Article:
Roses & Razzberries – December 2020/January 2021
ROSES to the Federal Motor Carrier Safety Administration for doing something it has done all too rarely in its 21-year history: listened to truck drivers. From the creation of the new hours-of-service rules that went into effect earlier this year to the listening session on broker transparency in October and the formation of the new commercial motor vehicle driver panel, the agency has made great strides over the last couple of years in listening to the people most affected by its regulations.
While there is still some distance to go – let’s face it, having someone with some actual driving experience at the administrative level would be nice – the fact that the agency has come this far deserves to be recognized.
RAZZBERRIES to the Sixth Circuit Court of Appeals for overturning the convictions of three former Pilot Flying J executives who orchestrated an elaborate fraud scheme that cheated drivers out of fuel card rebates. The ruling hinged on the prosecution’s use of secret recordings of the company’s then president using racist and misogynistic language at a corporate retreat. Lawyers for former Pilot President Mark Hazelwood argued that the recordings were not directly related to the charges and could unfairly prejudice the jury against him. The judges – by a vote of 2-1 – agreed and overturned the convictions against Hazelwood and two other executives, saying they violated the rules of evidence.
RAZZBERRIES, too, to the prosecution for trying to skirt the rules.
It’s like having a touchdown pass reversed because of a holding call in the backfield. It’s a stupid mistake that didn’t need to happen and cost your team the game.
RAZZBERRIES to UPS for asking to be exempt from the entry-level driver training rules that pretty much everyone else in the industry seems to think are a pretty good idea. In a request to the FMCSA earlier this year, the shipping giant said that its existing process of preparing driver trainers “exceeds any skill set gained merely by operating a tractor-trailer for two years.” Merely. I guess years of actual, on-the-road experience don’t add up to much at the eight-week driver training school run by UPS. The company also said it had to hire 100 candidates to get 50 trainers across the U.S. Of those, it was only able to retain 38. Um, call us crazy, but that sounds more like a problem with the UPS training program than one with the rules designed to get safer drivers out there on the road.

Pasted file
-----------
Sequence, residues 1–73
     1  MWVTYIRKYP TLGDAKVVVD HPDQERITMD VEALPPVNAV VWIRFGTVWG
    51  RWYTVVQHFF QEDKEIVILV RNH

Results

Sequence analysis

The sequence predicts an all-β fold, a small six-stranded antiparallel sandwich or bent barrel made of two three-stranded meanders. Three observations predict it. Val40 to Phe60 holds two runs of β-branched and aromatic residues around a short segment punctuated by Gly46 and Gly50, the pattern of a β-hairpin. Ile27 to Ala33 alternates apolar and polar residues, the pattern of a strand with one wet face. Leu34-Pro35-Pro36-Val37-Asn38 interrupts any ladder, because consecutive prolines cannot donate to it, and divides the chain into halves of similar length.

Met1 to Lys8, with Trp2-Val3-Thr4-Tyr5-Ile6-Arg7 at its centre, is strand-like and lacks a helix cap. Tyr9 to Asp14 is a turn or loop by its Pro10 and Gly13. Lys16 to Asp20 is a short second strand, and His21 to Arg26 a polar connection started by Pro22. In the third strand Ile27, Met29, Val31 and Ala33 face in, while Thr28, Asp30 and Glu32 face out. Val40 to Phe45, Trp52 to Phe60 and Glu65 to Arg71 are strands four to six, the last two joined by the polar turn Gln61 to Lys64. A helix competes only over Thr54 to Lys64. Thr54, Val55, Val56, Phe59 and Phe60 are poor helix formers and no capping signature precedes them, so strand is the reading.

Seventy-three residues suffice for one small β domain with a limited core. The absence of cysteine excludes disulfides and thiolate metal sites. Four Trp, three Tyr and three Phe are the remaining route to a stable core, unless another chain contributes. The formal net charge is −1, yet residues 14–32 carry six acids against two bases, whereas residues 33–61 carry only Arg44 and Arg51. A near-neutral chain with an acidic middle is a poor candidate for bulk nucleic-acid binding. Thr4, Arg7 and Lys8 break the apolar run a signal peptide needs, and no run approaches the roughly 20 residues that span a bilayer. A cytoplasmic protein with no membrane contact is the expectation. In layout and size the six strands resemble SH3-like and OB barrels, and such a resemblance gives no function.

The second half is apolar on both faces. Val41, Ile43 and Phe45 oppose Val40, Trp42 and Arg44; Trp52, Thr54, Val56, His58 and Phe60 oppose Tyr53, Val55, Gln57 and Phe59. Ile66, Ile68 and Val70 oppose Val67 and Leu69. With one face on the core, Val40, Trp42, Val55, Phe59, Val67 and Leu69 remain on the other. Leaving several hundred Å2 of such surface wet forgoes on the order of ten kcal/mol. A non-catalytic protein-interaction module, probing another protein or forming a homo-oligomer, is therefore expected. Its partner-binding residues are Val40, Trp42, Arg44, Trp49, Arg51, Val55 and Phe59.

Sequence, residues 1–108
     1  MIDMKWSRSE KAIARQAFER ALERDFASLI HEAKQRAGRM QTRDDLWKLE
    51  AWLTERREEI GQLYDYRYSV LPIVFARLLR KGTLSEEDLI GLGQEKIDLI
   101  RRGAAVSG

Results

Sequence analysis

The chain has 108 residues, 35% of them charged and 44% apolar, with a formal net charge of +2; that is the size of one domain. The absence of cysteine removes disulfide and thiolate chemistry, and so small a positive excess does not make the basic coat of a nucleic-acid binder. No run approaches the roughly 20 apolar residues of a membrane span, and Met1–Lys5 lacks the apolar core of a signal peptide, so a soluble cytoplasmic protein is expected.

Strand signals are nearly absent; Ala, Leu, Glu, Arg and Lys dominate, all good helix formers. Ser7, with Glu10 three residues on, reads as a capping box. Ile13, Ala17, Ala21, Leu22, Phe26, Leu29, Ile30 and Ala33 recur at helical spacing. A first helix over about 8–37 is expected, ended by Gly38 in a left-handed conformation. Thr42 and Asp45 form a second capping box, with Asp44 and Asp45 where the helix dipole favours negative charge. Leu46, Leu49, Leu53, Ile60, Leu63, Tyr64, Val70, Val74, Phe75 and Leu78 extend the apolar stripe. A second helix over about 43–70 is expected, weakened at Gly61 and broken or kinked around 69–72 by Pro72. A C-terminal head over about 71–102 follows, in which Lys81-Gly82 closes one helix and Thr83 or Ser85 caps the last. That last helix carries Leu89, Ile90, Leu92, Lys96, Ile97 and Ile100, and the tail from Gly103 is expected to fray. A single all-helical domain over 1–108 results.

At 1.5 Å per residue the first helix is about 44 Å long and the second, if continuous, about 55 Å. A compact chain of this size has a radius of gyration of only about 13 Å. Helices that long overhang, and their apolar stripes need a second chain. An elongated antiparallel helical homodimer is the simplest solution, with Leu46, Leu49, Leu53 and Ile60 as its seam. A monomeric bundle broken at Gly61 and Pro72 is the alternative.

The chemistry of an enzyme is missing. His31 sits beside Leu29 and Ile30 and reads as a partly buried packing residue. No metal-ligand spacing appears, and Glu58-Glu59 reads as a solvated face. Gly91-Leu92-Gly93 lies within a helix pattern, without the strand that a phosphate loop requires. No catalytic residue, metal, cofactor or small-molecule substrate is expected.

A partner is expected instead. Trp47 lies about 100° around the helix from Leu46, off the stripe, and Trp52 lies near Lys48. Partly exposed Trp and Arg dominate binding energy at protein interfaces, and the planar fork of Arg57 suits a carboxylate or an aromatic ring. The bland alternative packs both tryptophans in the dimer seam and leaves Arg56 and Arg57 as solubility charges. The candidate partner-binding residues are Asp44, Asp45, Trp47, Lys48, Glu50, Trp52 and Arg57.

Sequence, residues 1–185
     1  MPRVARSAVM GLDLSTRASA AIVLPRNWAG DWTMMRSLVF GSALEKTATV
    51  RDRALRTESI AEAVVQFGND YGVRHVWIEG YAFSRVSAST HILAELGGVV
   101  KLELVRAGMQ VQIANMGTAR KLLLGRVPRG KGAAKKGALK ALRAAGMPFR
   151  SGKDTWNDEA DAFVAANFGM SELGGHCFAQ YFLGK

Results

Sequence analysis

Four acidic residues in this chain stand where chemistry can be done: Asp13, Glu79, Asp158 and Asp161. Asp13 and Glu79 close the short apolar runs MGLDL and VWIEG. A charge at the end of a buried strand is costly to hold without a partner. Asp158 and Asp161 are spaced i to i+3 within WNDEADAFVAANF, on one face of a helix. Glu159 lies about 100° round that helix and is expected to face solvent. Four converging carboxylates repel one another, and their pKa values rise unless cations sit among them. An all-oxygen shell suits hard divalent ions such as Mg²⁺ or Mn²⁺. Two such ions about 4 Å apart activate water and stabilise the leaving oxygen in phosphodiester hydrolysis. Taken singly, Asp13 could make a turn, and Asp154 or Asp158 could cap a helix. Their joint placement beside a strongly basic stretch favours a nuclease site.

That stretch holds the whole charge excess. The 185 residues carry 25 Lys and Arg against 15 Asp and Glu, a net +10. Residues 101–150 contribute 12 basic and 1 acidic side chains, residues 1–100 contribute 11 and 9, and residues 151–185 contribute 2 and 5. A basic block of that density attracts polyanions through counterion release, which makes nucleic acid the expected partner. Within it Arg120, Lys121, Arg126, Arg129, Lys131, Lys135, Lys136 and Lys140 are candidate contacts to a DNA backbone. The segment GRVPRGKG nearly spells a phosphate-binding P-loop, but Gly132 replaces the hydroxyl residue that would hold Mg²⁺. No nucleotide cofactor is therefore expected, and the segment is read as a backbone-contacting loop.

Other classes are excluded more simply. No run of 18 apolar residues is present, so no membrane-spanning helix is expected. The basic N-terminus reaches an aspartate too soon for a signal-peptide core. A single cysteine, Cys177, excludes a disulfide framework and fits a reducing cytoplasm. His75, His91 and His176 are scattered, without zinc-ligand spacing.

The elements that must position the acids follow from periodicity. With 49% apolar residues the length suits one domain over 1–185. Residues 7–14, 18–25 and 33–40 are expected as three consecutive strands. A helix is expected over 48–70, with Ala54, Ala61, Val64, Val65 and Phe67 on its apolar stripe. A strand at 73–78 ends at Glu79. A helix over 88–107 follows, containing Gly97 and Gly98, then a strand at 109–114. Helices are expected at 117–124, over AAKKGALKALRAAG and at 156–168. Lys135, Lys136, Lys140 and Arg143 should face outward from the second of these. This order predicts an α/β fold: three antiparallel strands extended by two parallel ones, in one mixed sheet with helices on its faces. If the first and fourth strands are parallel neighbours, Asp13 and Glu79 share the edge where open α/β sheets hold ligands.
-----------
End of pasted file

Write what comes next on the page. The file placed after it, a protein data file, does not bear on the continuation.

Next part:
RAZZBERRIES to the growing trend toward so-called “nuclear verdicts” against trucking companies. Earlier this year, a jury for a state court in Florida ordered a whopping $412 million verdict against a trucking company involved in a nonfatal crash. And in Texas, an appeals court reduced a historic initial verdict of more than $100 million against another trucking company because it found the amount excessive. We understand the urge to make companies pay for a perceived injustice, but – unless the company has a history of bad behavior – utterly destroying that company isn’t the answer. More concerning is the precedent these verdicts could be setting, emboldening the already overzealous personal injury industry to seek even more ludicrous amounts of money. Trust us, we’ve seen their TV ads and billboards.
Those people don’t need any more encouragement than they’ve already got.
RAZZBERRIES to Prime Inc. – or the person working for Prime who was responsible for sending out a message calling the notice of a settlement in a class action lawsuit against the company a fraud and a phishing scam. The message went out shortly after drivers received notification of a settlement in a wage lawsuit and told them to visit a website to see if they qualified for part of that settlement. Prime’s subsequent message created confusion and prompted lawyers for the plaintiffs to seek an emergency motion to have it retracted and force the company to issue an apology. Prime reportedly issued a retraction later that same day, but by then the damage was done. The company blamed the confusion on a Prime employee who, “acting in good faith, mistakenly suspected the email regarding the settlement was a phishing scam.” We get mistakes, but as Judge Patti B. Saris said during a hearing in October, “I don’t know what the supervisor was thinking. You’d think that he would have checked with someone.” Exactly. LL
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